Inscription on a Ruined Plinth

Inscription on a Ruined Plinth
Tristan Beiter

There is no joint less genial than knees,
no jointure on this garden, full of weedy
pools that drown the bees
that try to land there. Write a hymn
to gods of pain and leave
behind the bottle-flies

that come to eat the penitent who flies
from them. His mumbled needs
were written in the veins of leaves
left in vases of weeds
on the table on the sands between him
and the woman who is to be

his wife. He gave her beads
that sparkled the remains of mayflies,
flesh and glass inside a hymn
to burning gods of knees
and structures, gods who can’t tell weeds
from roses. They take sins, leave

aches and crumbled leaves
behind, your body marked by bees
who wait among the weeds
of want and illness. The ones who will not fly
are scared of falling to their knees
in agony, of being called upon for hymns

to he who is the Lord of Songs, him
who know to leave
them with abandon. The man kneads
his hands to crush the bee
and call Beelzebub, the Lord of Flies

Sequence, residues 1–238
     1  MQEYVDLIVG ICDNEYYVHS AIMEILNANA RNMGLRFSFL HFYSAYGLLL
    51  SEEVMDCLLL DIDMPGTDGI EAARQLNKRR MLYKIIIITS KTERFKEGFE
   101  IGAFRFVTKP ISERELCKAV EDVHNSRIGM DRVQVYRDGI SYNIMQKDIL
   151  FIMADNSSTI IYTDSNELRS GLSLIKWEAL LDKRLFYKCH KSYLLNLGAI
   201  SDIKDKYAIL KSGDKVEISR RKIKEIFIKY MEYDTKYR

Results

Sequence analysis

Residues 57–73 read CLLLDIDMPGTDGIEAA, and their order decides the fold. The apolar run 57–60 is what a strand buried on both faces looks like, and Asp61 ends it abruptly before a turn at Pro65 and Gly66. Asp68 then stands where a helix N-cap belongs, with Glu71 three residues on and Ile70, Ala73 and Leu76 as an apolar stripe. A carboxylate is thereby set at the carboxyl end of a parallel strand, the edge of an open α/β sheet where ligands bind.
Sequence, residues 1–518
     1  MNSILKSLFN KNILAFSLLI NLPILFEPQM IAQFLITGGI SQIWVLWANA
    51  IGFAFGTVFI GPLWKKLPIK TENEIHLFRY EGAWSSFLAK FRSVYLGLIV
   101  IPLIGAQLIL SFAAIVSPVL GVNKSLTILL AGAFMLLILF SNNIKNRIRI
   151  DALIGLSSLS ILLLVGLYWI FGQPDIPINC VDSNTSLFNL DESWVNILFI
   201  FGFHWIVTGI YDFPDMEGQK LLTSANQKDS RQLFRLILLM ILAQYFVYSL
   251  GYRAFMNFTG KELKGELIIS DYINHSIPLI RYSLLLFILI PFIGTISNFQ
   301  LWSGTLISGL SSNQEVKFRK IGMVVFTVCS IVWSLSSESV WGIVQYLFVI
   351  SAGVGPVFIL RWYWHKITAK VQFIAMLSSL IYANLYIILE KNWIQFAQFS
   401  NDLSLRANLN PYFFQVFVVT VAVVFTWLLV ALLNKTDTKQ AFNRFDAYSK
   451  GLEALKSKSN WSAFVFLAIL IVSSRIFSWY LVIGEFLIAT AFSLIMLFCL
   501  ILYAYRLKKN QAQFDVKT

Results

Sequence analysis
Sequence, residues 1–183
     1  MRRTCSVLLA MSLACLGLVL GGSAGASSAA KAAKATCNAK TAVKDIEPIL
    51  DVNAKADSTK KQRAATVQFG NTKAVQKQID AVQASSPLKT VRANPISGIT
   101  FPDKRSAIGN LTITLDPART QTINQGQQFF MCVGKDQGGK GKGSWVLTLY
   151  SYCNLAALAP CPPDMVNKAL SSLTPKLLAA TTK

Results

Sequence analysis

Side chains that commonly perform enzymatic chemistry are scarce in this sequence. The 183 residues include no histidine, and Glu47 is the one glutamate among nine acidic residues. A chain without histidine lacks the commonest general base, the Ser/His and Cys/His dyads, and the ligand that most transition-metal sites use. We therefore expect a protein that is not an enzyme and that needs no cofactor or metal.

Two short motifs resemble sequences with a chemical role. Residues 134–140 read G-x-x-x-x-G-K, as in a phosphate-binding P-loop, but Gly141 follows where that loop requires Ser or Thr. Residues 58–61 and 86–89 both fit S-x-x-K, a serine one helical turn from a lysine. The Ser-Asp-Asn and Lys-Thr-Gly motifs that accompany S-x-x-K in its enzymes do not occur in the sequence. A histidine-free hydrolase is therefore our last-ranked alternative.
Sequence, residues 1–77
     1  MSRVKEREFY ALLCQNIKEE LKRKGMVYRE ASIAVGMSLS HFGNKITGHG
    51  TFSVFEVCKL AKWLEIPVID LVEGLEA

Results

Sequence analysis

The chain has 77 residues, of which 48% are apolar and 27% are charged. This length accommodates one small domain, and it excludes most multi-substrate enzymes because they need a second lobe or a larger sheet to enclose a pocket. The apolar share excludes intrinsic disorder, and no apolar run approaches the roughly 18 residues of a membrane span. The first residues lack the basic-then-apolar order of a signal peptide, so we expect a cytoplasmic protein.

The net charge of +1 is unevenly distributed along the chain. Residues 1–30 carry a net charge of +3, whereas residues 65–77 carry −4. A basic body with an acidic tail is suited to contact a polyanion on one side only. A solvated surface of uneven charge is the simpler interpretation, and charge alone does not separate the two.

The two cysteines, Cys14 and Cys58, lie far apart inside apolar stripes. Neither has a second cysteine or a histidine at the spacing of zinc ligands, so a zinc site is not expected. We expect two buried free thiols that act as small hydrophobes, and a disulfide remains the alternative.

who wreaths his horns in weeds

and briars, talon-rips the weeds
into the ground, makes self-surprising hymns
to human names and anything that flies
from his enchantments, anything that leaves
him, bears the sting of bees.
He fell down from the throne onto his knees

and tumbled weed-wracked pedestals, leaving
hymns to swollen knees and gods’
forgetfulness of bees, and men, and flies.


Tristan Beiter is a poet and speculative fiction nerd from Central Pennsylvania. His poems have previously appeared in GlitterShipEternal Haunted Summer, Abyss & Apex, and Bird’s Thumb. When not writing or reading, he can usually be found crafting absurdities with his boyfriend or yelling about literary theory. Find him on Twitter at @TristanBeiter.